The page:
What do Nigerians call themselves after having lived in Kenya for five years?
Nothing. Well, at least, so you think until you find that you are no longer skipping the chapati tray on the buffet line; and you may even be looking forward to it. Or you realise that the nyama choma that you swore would never taste as good as your suya is starting to grow on you.
Or it dawns on you that you are using “by the way” a lot more than you used to, or singing full-throated the lyrics of Sauti Sol’s Kuliko Jana, even though you have no idea what they are saying. You eventually give up when you start referring to anything ambiguous or arbitrary as “nini”.
So, let us try once again: What do you call a Nigerian living in Kenya after five years? Simple; you call them African.
Is this not the charm of Africa, and of being African, that the culture is pervasive and almost universal that, despite the difference in creed, language and religion, for the most part, we are all the same?
That you can go anywhere on this continent as an African and feel at home, and that even when you are separated by language or culture, there is a warmth to be expected and to be received?
A Kenyan colleague, during a recent trip to Ghana, remarked how similar a dirt road we were about to embark upon looked to one you would find in Kenya — perhaps in Syokimau, near Nairobi. I reminded him that the road existed in every African city.
There is a danger, however, in universality and homogeneity, to be sure, and Africa is often painted with the same brush and tagged with the common identifiers — war, disease, conflict, corruption and poor developmental indicators.
The danger in grouping like this is the risk of reducing complex problems, antecedents and histories to one broad stroke.
Certainly, a continent of 1.2 billion people cannot experience the social world the same way. But there is such a thing as African identity — an Africanness, if you will, that should be celebrated.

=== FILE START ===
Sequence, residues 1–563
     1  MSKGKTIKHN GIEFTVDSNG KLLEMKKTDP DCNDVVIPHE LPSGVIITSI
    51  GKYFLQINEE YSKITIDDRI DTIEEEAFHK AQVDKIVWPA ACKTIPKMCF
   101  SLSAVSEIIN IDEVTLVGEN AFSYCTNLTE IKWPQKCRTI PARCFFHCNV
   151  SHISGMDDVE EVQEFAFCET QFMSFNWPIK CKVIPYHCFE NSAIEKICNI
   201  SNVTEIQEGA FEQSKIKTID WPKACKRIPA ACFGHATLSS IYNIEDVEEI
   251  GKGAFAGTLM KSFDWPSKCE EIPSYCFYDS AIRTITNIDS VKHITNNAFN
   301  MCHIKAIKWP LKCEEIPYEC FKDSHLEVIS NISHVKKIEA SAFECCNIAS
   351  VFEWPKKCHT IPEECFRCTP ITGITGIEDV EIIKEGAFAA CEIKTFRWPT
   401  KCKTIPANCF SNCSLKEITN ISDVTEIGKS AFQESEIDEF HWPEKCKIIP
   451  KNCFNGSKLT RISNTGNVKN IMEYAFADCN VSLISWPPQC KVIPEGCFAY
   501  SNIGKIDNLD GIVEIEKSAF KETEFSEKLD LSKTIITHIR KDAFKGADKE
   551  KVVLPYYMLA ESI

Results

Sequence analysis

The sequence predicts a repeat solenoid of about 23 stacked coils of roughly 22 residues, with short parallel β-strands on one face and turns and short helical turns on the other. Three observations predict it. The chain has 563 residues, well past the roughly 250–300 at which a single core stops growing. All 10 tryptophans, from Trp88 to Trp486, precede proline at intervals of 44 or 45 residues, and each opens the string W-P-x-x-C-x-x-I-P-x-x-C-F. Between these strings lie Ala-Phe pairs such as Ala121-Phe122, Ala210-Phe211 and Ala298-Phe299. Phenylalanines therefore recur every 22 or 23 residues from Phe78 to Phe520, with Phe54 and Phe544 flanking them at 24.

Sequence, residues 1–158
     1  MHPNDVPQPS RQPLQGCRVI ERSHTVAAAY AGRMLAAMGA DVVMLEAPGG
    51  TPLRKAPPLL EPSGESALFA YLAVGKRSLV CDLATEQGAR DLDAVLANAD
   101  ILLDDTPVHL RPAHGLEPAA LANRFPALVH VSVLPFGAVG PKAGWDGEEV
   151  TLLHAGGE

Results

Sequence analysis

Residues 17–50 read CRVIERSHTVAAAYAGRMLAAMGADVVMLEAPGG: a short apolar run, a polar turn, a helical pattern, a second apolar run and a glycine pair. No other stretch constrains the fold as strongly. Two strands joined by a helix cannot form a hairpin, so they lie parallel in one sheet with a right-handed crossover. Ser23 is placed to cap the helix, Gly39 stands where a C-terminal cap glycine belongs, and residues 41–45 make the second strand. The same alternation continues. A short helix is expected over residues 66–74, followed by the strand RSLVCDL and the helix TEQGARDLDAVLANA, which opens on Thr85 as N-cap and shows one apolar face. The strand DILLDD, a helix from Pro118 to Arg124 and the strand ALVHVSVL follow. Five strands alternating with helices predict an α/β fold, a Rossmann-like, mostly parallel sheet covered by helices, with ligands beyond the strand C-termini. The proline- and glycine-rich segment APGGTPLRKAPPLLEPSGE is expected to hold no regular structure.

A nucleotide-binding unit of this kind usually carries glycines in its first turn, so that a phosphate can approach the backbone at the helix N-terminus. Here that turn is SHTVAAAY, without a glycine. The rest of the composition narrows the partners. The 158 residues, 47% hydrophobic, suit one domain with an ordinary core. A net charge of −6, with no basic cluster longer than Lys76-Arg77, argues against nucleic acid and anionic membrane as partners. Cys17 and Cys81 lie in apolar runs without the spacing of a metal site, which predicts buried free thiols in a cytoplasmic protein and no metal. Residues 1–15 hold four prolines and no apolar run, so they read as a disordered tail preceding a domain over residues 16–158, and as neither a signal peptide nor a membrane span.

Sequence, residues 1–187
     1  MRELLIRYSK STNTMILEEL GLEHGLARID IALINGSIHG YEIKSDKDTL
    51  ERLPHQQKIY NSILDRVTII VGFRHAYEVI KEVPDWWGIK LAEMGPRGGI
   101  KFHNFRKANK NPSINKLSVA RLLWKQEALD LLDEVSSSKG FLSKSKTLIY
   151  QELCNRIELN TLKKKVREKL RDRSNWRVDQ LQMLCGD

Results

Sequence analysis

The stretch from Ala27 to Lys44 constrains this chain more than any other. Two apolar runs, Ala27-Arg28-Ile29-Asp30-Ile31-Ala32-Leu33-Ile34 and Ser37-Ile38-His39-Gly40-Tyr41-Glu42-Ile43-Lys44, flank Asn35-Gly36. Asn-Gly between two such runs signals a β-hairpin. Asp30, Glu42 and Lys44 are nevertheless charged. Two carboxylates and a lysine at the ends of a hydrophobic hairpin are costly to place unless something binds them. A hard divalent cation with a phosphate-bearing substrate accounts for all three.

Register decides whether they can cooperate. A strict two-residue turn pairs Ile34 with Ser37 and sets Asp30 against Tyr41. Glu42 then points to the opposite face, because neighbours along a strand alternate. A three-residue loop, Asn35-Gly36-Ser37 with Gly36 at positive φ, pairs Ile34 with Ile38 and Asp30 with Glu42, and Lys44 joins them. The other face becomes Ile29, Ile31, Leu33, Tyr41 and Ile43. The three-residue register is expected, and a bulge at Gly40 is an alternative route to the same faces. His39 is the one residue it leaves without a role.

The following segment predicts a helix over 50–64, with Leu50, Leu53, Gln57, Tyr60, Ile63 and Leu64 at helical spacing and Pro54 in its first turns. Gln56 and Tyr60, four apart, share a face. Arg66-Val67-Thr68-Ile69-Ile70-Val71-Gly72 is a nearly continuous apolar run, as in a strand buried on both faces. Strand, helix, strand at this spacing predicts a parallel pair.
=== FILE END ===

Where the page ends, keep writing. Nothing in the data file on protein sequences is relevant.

For the record, I can still be relied upon to display my traditional attire every Friday, starched to almost appear as body armour, in glorious colours, complete with the polished loafers and a matching hat. This is the Nigerian way; we dress so they must know, who they are is not important, as long they know.
Some habits will never die — like the Nigerian sense of occasion and grandeur, or our phone manners, when we talk, the conversation is between us, the person on the other end of the line and the entire world. You are welcome to be part of our dialogue.
These habits are unlikely to disappear soon, nor should they; we should learn to celebrate the individuality in our commonness.
There is a lot to celebrate and, indeed, to learn. Living in Kenya for five years after what I had promised myself was going to be a short stint, I can still recall with glowing pride the day the Supreme Court nullified the presidential election in 2017 and ordered a new poll.
The politics of it will never be the thing that impressed me, all politics is subjective, but it was the decision itself. This kind of decision-making is not something Africans do, to decide their affairs and follow the letter of the law, without prodding or interference.
I felt a great swell of pride to be African, and to be living in Kenya. But what was more impressive was the acceptance of the judgment by all the parties involved.
I recall feeling that same sense of pride when Nigeria transitioned peacefully from the ruling party to the opposition in 2015. Kenya alone has a lot to note, if not celebrate, in the past five years. I have noticed a growth in infrastructure and development.